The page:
OSLO (Reuters) - Norway’s REC is increasingly upbeat about solar energy prices next year as the market expands despite lower subsidies, Chief Executive Ole Enger told Reuters, sending the firm’s shares higher.
“If you had asked me a month ago, I would have said that there was likely to be a considerable price decline (in 2011),” Enger told Reuters in an interview on Monday. “Today, we see prices for the first half of next year holding up better than we had expected a month or two ago.”
Shares in REC, one of the world’s biggest solar energy equipment producers, were up 1.9 percent at 20.13 crowns by 1444 GMT, having been half a percent off before Enger’s comments. Oslo’s main index was down 0.38 percent.
Enger said that prices would likely be pressured next year due to a slowdown in solar energy growth rates as well as new supplies hitting the solar market, but that they should not be as bad as the company originally forecast.
Enger said the global solar market should grow in 2011 because it would be economically viable for people and companies to invest in solar energy despite decreasing subsidy schemes in a number of key markets such as Germany.
“If you take the German market, you see a quite reasonable return on investment even with the reduced subsidies,” he said, calling cuts in state support schemes “generally wise.”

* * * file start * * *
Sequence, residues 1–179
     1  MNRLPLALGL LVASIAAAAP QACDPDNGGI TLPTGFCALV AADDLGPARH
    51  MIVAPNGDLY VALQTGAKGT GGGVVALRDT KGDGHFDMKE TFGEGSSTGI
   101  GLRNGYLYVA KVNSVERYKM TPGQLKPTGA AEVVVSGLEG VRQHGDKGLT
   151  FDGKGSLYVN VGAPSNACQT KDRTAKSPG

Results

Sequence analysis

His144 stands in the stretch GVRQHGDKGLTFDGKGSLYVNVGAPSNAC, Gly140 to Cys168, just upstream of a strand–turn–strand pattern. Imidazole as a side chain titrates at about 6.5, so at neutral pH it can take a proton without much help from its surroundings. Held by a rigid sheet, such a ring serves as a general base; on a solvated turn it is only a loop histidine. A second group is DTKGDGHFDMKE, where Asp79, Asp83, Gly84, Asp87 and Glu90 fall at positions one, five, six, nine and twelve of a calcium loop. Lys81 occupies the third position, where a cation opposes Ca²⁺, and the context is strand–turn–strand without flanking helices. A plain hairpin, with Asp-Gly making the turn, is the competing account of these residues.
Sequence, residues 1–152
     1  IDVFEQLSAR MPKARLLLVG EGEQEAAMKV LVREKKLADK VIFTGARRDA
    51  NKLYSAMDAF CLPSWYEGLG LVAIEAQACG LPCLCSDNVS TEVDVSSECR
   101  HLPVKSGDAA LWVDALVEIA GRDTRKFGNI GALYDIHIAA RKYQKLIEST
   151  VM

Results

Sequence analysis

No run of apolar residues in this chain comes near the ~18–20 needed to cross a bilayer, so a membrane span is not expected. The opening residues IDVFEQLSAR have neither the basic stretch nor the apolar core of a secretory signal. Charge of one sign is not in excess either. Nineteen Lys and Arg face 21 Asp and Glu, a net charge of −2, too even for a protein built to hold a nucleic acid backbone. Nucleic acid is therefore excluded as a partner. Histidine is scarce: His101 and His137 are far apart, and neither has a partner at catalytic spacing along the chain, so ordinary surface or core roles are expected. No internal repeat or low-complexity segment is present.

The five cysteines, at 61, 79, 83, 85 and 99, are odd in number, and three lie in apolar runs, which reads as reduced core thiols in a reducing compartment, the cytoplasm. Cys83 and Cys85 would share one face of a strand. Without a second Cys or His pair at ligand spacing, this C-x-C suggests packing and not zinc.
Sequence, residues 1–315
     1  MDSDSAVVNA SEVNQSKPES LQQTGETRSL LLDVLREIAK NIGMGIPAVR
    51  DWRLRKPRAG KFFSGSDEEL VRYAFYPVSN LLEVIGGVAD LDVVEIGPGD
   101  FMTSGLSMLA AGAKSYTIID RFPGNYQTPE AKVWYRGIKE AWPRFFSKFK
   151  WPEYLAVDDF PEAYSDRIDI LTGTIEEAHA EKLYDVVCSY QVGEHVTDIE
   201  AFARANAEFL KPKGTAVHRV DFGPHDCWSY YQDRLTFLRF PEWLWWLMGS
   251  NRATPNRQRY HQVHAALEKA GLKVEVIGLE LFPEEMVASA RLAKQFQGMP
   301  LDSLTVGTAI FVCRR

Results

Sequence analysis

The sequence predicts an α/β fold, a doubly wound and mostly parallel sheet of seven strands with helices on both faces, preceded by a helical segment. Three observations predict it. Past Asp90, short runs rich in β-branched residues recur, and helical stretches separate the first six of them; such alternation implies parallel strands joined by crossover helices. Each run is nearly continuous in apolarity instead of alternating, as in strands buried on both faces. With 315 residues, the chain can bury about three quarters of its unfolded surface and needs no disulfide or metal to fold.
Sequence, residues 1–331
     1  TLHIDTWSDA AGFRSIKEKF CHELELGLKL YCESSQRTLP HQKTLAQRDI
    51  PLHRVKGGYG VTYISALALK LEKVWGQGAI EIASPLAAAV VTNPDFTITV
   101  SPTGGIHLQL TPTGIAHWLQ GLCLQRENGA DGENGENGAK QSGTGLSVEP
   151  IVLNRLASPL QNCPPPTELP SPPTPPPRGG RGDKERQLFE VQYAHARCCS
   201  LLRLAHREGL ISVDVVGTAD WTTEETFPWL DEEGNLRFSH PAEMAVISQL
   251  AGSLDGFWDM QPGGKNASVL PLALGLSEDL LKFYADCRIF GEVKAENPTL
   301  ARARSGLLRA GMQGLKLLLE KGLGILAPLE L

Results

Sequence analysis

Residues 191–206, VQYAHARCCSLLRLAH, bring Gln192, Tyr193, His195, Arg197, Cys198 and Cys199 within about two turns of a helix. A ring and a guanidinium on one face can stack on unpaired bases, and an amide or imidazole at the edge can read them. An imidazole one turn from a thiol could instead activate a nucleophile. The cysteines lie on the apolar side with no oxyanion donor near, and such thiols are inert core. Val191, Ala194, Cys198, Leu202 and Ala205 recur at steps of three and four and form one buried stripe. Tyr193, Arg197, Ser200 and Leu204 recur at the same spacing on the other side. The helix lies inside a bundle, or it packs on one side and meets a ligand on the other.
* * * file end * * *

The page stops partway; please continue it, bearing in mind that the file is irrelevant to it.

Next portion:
“That is why we do not forecast a collapse in the market -- to the contrary it will likely be growing, even if the growth will be slower,” he said, adding that the global solar market has grown by some 60-80 percent per year over past years.
Moreover, he said that solar energy subsidy schemes may be introduced in new markets, spreading the reach of the industry which has been focused on western Europe, the United States, as well as some Asian countries.
He said that REC’s flagship new plant in Singapore has been “performing really well” since its early 2010 launch and that the production ramp-up was “better than anticipated.”
Enger said REC’s Moses Lake, Washington, U.S., silicon plants (Silicon III and Silicon IV), originally seen to be a growth engine, were improving after start-up troubles during the past year.
“Silicon III is doing better every quarter and the start-up of Silicon IV is much better than Silicon III,” he said.
Enger said he could not comment in detail on third-quarter results expected on October 26, but said they were “in line” with REC’s guidance for rising earnings before interest, taxes, depreciation, and amortization and overall revenues during the second half of the year.
Editing by Sharon Lindores